A 2-year-old boy developed microscopic hematuria. Results of physical examination were normal; neither arterial hypertension nor renal insufficiency was present (serum creatinine=40 μmol/L). Because of persistent proteinuria, a renal biopsy was performed at age 3 years (Fig 1). Bilateral posterior cataracts were diagnosed at age 4 years. Because of dysphagia and recurrent episodes of pulmonary infections, a chest roentgenogram was obtained and showed enlargement of the mediastinum (Fig 2); thickening of the esophageal wall was confirmed by ultrasonography (Fig 3) and computed tomography. Esophagectomy and colon plasty were required when digestive and respiratory symptoms became severe. Several smooth-muscle tumors involved the entire esophagus (Fig 4).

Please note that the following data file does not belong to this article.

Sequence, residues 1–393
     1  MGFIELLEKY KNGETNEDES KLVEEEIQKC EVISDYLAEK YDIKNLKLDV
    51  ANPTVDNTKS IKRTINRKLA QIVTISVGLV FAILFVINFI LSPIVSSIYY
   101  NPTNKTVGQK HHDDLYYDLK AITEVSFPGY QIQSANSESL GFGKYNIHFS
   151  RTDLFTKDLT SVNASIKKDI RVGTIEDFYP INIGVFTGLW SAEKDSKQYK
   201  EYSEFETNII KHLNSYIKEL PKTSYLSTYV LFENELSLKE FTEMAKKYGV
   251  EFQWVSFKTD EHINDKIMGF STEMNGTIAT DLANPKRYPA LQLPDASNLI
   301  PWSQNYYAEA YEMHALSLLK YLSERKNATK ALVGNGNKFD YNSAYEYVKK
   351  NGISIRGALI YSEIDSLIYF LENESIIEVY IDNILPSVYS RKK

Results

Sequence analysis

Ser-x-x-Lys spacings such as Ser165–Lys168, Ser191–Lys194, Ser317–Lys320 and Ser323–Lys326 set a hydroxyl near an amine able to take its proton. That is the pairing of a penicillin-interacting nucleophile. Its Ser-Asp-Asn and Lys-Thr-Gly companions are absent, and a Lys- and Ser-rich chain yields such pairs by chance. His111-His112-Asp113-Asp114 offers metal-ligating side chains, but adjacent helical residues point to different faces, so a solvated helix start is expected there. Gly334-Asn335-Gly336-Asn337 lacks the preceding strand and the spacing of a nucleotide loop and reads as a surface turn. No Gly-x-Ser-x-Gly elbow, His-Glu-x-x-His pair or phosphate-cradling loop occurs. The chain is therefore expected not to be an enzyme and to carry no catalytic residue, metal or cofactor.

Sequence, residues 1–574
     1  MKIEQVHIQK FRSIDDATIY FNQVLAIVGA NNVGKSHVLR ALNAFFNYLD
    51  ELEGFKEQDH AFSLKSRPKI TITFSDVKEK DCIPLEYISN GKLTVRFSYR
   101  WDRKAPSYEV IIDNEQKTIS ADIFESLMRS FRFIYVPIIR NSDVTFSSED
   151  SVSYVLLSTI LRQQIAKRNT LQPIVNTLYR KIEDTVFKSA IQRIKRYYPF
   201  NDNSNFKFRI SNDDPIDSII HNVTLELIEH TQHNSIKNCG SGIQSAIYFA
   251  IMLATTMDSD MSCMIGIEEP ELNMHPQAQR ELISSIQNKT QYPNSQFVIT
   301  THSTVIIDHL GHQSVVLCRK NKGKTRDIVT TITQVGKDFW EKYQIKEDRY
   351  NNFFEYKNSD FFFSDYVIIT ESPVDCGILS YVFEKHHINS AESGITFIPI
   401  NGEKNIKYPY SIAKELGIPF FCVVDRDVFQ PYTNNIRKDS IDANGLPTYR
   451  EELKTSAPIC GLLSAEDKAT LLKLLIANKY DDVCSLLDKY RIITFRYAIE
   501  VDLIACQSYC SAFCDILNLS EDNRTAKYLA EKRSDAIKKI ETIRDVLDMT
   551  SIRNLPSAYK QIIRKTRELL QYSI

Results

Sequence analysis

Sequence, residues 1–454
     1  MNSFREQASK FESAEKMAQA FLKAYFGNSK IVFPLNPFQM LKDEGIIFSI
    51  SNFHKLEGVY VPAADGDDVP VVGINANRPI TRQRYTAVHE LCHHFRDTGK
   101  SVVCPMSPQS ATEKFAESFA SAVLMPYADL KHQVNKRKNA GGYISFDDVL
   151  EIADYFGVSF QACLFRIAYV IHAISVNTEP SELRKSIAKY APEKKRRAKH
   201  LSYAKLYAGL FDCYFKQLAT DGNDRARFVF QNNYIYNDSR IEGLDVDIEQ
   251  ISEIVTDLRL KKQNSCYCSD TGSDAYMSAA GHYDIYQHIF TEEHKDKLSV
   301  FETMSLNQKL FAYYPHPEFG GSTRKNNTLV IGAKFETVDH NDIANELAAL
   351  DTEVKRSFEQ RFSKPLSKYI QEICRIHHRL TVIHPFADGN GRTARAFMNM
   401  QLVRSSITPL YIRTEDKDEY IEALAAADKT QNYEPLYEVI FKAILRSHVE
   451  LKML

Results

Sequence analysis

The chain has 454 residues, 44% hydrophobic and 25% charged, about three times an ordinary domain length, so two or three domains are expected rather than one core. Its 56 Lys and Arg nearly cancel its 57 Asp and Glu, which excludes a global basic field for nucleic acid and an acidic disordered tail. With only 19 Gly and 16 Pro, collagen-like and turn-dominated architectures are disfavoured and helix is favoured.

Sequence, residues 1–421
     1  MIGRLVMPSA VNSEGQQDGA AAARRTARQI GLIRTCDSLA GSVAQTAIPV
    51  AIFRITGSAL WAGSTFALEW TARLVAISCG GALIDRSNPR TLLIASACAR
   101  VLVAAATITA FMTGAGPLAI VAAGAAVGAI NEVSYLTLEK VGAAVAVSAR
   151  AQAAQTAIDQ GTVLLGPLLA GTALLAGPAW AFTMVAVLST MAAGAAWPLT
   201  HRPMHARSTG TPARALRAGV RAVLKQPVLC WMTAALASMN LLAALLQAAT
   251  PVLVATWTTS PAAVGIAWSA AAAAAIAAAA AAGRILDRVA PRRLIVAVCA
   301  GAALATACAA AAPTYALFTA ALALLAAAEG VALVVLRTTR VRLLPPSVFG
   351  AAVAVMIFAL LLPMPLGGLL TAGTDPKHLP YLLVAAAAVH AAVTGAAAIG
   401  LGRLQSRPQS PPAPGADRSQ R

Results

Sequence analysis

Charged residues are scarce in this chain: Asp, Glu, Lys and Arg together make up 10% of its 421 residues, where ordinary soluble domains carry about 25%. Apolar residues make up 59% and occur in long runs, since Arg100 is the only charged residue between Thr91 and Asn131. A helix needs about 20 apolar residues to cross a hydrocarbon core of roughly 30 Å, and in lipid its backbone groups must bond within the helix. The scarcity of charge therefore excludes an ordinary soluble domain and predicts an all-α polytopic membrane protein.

The child's mother also had microhematuria. She had a history of severe chronic vomiting and dysphagia requiring esophageal surgery at age 20 years. Seven years later, because of persistent digestive symptoms, a second roentgenogram of the esophagus was obtained after ingestion of barium and showed